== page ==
CHICAGO – Milos Bajic couldn’t believe Chicago Fire head coach Veljko Paunovic was eating in his favorite restaurant, Café Beograd, in Chicago’s Irving Park neighborhood, when he walked in on a recent Sunday morning.
Bajic had played for Paunovic’s father Blagoje, a Serbian soccer legend, as a teenager, then followed Veljko’s heralded playing career, which began in his father’s footsteps at Belgrade giants Partizan before stops in Spain, Germany, Russia and the United States, and his subsequent move into coaching.
When Paunovic and Serbia’s Under-20 national team celebrated its World Cup title before an estimated 50,000 people at Republic Square in Belgrade last summer, Bajic had watched from afar, his heart swelling with pride.
“In Serbia, he’s so well known,” says Bajic, a Chicago-area youth coach. “Everybody knows him. Everybody respects him. Everybody thinks what he did with the U-20 national team was something amazing. It’s my honor to see him.”
It wasn’t the first time and likely won’t be the last time Paunovic is recognized by someone in Chicago’s sizable Serbian community, the largest in the United States. Once Paunovic glanced at Café Beograd’s menu and recognized familiar Serbian delicacies such as palacinke, a thin pancake similar to a crêpe, he quickly dialed Fire assistants Marko Mitrovic and Aleksandar Saric, both members of his Serbia U-20s staff, and summoned them to the restaurant.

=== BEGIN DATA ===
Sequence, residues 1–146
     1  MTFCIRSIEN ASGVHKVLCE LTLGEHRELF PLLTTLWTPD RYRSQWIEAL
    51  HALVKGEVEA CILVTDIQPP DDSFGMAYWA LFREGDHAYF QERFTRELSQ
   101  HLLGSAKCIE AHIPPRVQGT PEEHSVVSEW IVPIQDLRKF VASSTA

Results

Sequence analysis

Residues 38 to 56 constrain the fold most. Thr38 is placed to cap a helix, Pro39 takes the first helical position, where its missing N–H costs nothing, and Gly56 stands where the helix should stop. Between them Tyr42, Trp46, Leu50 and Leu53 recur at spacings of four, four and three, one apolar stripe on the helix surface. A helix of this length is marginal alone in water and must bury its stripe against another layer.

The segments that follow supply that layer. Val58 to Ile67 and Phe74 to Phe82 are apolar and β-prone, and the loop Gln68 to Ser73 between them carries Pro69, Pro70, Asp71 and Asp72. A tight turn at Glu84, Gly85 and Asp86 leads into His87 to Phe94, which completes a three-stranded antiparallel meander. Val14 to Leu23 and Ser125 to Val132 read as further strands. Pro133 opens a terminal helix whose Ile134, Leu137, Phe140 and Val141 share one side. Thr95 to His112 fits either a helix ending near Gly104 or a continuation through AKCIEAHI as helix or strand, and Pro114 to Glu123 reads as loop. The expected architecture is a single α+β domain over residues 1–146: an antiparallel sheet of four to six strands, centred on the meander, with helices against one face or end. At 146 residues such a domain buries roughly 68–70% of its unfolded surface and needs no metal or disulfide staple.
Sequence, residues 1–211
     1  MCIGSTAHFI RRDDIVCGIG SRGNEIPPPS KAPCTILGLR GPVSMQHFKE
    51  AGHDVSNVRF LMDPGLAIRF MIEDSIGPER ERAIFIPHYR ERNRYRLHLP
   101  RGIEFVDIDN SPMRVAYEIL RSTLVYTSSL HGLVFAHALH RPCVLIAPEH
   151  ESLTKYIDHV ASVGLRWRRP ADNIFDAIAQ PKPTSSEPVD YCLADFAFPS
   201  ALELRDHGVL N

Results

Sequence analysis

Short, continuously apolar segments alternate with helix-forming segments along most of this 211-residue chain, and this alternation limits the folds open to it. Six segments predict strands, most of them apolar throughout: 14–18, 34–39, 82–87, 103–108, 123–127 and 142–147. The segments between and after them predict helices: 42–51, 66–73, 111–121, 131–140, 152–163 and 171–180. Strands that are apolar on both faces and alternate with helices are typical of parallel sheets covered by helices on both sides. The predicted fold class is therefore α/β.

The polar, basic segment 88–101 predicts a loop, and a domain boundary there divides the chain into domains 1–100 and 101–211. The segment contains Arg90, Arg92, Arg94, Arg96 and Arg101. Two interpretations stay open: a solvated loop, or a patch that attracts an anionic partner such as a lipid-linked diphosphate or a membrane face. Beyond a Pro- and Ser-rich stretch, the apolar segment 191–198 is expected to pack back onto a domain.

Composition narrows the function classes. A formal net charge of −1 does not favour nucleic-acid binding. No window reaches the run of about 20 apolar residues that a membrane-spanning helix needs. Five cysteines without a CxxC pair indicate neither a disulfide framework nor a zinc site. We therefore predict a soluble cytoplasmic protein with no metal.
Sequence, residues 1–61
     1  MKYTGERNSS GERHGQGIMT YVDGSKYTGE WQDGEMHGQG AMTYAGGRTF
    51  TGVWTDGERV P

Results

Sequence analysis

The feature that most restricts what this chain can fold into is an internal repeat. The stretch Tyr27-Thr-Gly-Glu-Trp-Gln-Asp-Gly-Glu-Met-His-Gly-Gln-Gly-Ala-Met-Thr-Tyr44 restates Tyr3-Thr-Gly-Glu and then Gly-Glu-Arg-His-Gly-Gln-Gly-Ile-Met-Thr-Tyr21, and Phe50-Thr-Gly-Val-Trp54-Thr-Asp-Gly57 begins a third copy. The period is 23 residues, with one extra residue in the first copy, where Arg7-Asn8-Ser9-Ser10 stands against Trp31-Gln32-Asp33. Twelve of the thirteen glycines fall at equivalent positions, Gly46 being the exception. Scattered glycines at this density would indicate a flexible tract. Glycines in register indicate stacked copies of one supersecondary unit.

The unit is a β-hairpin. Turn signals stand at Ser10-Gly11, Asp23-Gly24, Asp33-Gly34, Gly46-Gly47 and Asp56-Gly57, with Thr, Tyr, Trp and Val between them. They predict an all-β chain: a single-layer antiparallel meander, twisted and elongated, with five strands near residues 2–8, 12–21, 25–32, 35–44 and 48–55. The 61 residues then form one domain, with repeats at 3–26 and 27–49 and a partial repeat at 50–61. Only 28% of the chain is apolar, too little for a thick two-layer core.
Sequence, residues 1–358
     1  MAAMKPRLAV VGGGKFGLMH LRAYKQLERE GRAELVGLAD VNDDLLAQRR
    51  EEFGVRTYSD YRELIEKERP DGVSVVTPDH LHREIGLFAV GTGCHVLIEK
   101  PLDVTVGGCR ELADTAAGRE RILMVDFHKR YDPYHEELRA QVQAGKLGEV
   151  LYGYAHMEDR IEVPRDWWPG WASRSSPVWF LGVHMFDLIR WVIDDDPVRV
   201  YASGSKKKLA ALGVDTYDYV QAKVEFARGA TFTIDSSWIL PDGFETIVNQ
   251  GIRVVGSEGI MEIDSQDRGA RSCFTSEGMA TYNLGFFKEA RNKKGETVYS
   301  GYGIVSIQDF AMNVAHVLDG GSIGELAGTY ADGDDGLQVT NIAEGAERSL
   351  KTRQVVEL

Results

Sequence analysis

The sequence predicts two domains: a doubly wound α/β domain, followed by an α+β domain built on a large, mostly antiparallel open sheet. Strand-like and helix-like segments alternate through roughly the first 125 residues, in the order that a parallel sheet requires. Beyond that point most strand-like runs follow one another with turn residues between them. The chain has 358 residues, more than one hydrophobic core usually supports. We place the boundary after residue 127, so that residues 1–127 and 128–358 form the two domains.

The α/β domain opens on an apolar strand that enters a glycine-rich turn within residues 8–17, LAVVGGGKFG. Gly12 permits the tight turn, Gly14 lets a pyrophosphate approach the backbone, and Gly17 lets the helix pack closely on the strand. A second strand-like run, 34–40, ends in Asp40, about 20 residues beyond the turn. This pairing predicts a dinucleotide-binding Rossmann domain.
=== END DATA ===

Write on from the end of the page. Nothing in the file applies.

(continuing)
Paunovic accepted an offer to become the Fire’s eighth head coach in November because of his belief in general manager Nelson Rodriguez, the club and Major League Soccer, where the former midfielder played the final season of his 17-year playing career with the Philadelphia Union in 2011. The fact that the comforts of home are easily accessible in Chicago are an added bonus.
“Chicago is what I was told,” Paunovic says. “I don’t know in terms of numbers, but I can see there’s a lot of Serbians. And I can see there’s a strong community, church, school, so it helps. It’s very helpful to know you have people from your country around you. But it’s also for me at the same moment, it’s a great responsibility for them, and I know that I’m representing them here too and our country. I understand that perfectly.”